Partial Compliance and Patient Consequences in Schizophrenia: Our Patients Can Do Better. [CME]
J Clin Psychiatry 2003;64(11):1308-1315
© Copyright 2014 Physicians Postgraduate Press, Inc.
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Objective: The primary objective of this review
is to evaluate the strategies used to improve patient compliance
with antipsychotic medication in the treatment of schizophrenia.
Data Sources: An electronic literature search of
relevant studies using MEDLINE and the Cochrane Library (January
1974-December 2002) was performed using the search terms adherence, antipsychotic, atypical, compliance, conventional,
Study Selection: English-language and
non-English-language articles, references from bibliographies of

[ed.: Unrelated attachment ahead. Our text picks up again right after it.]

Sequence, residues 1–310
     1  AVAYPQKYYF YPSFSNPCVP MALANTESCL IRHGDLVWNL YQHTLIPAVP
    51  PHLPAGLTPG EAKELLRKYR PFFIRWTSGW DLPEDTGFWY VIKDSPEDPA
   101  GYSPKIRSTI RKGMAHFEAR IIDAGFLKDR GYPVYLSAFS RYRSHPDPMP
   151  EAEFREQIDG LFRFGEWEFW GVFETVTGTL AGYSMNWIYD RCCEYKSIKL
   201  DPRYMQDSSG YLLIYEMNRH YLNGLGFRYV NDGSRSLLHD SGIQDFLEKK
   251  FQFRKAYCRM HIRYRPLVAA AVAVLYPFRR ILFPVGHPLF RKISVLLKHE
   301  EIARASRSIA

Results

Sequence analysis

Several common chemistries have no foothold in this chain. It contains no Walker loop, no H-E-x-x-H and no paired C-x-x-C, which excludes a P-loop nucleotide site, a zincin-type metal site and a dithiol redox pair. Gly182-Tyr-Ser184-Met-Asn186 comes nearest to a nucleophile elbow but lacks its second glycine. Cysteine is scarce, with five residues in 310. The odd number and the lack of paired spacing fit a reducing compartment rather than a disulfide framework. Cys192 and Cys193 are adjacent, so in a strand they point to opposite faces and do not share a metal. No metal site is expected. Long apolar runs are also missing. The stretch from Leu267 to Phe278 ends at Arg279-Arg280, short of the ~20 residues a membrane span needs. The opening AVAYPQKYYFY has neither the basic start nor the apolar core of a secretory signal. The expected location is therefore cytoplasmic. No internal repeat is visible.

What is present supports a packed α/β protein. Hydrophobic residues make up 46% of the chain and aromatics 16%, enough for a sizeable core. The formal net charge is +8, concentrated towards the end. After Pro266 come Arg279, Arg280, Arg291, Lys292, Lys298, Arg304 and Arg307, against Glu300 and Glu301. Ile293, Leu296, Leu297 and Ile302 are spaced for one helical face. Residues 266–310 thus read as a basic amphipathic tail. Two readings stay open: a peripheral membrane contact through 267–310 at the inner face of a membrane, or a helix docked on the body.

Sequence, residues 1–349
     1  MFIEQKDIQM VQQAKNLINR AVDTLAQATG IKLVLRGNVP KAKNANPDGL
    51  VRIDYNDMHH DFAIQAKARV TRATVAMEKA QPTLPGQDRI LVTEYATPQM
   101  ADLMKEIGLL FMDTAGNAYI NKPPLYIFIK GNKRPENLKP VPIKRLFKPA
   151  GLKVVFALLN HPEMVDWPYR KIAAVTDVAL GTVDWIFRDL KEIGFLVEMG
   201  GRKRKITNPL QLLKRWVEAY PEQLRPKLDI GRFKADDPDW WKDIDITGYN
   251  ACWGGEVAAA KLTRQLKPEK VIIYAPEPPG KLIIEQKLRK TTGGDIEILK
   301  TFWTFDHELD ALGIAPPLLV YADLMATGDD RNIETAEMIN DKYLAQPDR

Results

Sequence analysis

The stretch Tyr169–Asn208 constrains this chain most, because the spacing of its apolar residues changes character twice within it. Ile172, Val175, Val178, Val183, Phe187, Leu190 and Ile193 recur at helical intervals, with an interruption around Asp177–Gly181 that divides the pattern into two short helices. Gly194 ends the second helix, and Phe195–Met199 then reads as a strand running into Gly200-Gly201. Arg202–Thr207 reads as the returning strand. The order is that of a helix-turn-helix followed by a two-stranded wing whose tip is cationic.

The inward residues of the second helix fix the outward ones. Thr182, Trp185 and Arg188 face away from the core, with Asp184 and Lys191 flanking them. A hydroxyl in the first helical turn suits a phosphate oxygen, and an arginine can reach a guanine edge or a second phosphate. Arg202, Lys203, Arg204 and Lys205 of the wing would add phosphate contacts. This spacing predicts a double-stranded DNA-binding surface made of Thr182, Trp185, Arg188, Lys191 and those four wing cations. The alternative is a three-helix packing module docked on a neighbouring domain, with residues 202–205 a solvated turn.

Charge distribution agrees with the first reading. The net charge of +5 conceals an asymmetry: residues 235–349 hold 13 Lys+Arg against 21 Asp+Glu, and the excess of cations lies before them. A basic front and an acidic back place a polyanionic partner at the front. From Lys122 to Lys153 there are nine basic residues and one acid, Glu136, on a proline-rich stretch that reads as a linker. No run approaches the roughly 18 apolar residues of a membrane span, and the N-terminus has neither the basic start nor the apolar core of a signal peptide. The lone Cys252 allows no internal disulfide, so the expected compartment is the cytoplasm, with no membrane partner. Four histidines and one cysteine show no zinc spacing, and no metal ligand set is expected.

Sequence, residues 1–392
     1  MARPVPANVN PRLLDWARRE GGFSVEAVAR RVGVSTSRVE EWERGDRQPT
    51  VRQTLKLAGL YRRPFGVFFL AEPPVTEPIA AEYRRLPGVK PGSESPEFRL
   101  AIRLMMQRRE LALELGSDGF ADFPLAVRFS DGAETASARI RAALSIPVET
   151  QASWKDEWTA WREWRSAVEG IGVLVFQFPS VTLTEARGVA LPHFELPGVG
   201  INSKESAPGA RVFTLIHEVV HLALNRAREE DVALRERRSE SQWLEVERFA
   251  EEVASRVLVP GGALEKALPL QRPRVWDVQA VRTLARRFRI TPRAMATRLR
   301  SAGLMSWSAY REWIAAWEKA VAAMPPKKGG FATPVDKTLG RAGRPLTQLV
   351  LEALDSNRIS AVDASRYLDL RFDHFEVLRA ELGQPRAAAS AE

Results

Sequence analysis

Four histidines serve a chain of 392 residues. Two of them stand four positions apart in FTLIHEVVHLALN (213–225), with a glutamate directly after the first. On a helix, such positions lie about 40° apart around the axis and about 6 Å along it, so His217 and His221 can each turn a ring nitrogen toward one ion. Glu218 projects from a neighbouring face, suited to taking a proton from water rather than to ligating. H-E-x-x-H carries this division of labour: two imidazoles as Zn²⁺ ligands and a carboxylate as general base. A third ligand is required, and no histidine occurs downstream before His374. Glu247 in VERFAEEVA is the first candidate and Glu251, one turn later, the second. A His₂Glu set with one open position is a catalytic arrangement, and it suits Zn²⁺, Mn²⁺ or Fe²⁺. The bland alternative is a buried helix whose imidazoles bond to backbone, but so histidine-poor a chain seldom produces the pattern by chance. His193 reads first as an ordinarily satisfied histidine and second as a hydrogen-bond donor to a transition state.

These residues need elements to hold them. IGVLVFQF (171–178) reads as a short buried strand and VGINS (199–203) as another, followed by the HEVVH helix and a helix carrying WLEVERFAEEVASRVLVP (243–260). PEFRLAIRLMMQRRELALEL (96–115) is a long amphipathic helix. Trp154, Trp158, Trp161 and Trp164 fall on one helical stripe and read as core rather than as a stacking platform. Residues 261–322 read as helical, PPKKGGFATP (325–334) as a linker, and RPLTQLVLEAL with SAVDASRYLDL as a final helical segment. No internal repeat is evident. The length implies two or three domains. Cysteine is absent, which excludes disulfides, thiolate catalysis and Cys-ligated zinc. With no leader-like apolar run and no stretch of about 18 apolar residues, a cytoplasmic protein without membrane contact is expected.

reviews, original research articles, and other articles of
interest were reviewed.
Data Extraction: Data quality was determined by
publication in the peer-reviewed literature and the most
important information was identified.
Data Synthesis: Atypical antipsychotics are
associated with an improved side-effect profile and reduced risk
of relapse compared with the older agents. Additional benefit may
be provided by long-acting injectable formulations as they
provide the confidence of continuous medication coverage.
Conclusions: Successful treatment of patients
with schizophrenia requires acknowledgment that partial
compliance will present a major barrier to achieving maximum
outcomes. Ideally, all patients suspected of partial compliance
should be considered suitable for treatment with a long-acting
injectable atypical antipsychotic.